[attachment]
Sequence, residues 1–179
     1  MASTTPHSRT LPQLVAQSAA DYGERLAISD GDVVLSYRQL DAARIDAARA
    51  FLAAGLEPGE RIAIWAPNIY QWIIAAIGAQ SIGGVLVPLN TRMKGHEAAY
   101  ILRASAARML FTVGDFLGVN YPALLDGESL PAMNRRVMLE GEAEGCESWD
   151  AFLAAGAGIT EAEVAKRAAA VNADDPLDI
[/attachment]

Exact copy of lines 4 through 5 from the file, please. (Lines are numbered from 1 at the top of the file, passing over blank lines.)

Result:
   101  ILRASAARML FTVGDFLGVN YPALLDGESL PAMNRRVMLE GEAEGCESWD
   151  AFLAAGAGIT EAEVAKRAAA VNADDPLDI